under car safety



Re: under car safety

Postby grumpyvette » November 7th, 2013, 10:58 am

http://www.harborfreight.com/2-ton-capa ... 41860.html
HF PART NUMBERS 41860 or 60759... these come in very handy during exhaust system fabrication
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http://www.harborfreight.com/underhoist ... 60759.html

This underhoist safety stand provides an extra point of support while working on exhaust systems, struts, transmissions and engine mounts. The wide stable base and precise adjustment on this transmission stand lets you support components during removal and replacement.
YOULL GENERALLY FIND THAT HAVING TWO OF THE TALL JACK STANDS IS HANDY, WHILE FABRICATING AN EXHAUST, AND A MIG OR TIG WELDER SURE HELPS
WATCH VIDEO
http://www.webriggingsupply.com/pages/c ... hooks.html
http://www.machinerylubrication.com/Vie ... grease-gun
http://www.youtube.com/watch?v=WgCkdXLvL08
All steel construction
Six height adjustments
Fine screw adjustment
Large 3-1/8" x 4-1/2" saddle
Sturdy tripod base

Specifications
Name Underhoist Safety Stand
SKU 60759
Brand Pittsburgh Automotive
Capacity 4000 lb.
Maximum height (in.) 93-1/2 in.
Minimum height (in.) 49-3/4 in.
Product Height 49-3/4 in.
Product Length 24 in.
Product Width 24 in.
Jack recently started fabricating a custom exhaust for his car and while he had access to both a friend of his shop with a good mig welder and a two post lift to make the job much easier, he did not have two of the tall support jacks that come in so handy when doing that type of work.
well harbor freight has them listed (I bought two of these about 9 years ago for my shop) I offered to loan him mine but he decided it might be better to have two he owns personally as it gave him as good excuse to buy them and he fully intends to get a lift in his garage in the future.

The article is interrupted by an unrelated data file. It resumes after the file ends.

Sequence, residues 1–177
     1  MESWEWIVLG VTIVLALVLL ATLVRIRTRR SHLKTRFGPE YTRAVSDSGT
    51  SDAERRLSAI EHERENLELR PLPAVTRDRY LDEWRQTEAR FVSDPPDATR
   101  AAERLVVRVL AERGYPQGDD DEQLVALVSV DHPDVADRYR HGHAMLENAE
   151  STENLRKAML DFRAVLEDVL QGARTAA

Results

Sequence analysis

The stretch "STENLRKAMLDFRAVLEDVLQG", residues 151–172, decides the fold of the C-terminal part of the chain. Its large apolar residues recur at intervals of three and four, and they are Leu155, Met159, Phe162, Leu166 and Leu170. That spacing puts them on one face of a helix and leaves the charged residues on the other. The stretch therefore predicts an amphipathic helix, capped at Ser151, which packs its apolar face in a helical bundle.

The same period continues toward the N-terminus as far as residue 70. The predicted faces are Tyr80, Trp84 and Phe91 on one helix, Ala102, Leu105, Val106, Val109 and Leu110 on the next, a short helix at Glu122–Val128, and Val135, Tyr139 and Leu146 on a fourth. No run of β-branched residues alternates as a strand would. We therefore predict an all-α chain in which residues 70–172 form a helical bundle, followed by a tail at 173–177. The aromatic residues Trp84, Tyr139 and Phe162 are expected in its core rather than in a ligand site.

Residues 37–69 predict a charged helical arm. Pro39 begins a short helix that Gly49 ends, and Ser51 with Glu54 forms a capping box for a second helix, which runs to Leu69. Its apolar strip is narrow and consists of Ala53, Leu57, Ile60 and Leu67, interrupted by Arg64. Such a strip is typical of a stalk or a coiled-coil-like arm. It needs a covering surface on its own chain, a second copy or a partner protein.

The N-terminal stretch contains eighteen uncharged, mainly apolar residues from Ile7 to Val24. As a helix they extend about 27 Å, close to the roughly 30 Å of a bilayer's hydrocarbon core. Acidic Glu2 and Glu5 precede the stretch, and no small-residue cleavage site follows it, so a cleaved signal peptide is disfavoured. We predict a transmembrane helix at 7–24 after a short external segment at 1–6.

I helped him assemble those two stands and I don,t remember the ones I purchased being that difficult, Id strongly suggest you read the instructions carefully and remember to install the assembly bolts only very loosely in ALL LOCATIONS allowing a small amount of flexibility during the assembly process, because getting all the braces, and bolts in place , in the tall support stand if any of the bolts in place are tightened,becomes a huge P.I.T.A. if they are tight, which makes the assembly process much more difficult.
yes these stands come in very handy at times if you own a lift in your shop, and yes I recommend you get two .
BTW theres three of the bolts that are 25mm and the rest are 20mm length the three are for the upper triangular plate and youll need a 17mm wrench and 17mm ratchet and socket or second 17mm wrench.
and don,t forget to grease the bearing and screw threads with a good coat of MOLY grease it makes it far easier to use

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IF YOU CAN,T SMOKE THE TIRES AT WILL,FROM A 60 MPH ROLLING START YOUR ENGINE NEEDS MORE WORK!!"!
IF YOU CAN , YOU NEED BETTER TIRES AND YOUR SUSPENSION NEEDS MORE WORK!!
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Re: under car safety

Postby chromebumpers » December 31st, 2013, 1:59 pm

These are great for freeing up a lift.


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Last edited by chromebumpers on May 21st, 2014, 3:42 pm, edited 1 time in total.
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Re: under car safety

Postby 87vette81big » December 31st, 2013, 2:02 pm

Oh my God Rich.
I can't believe.....
Yes its real.
I don't know ....
Rather work on my back.
Even Dirt Ground.
No worries then of being crushed.
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Re: under car safety

Postby Indycars » December 31st, 2013, 2:14 pm

chromebumpers wrote:These are great for freeing up a lift.


Holly Mackerel, those probably cost more than my TBucket !!! :lol:

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Re: under car safety

Postby chromebumpers » December 31st, 2013, 2:16 pm

87vette81big wrote:Oh my God Rich.
I can't believe.....
Yes its real.
I don't know ....
Rather work on my back.
Even Dirt Ground.
No worries then of being crushed.


Why would you say that? These stands would be great for long term use (perhaps freeing up a lift)- at the lowest setting would be great for body work. There must be a crane used to lift that truck high enough.
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Re: under car safety

Postby grumpyvette » May 5th, 2014, 9:57 am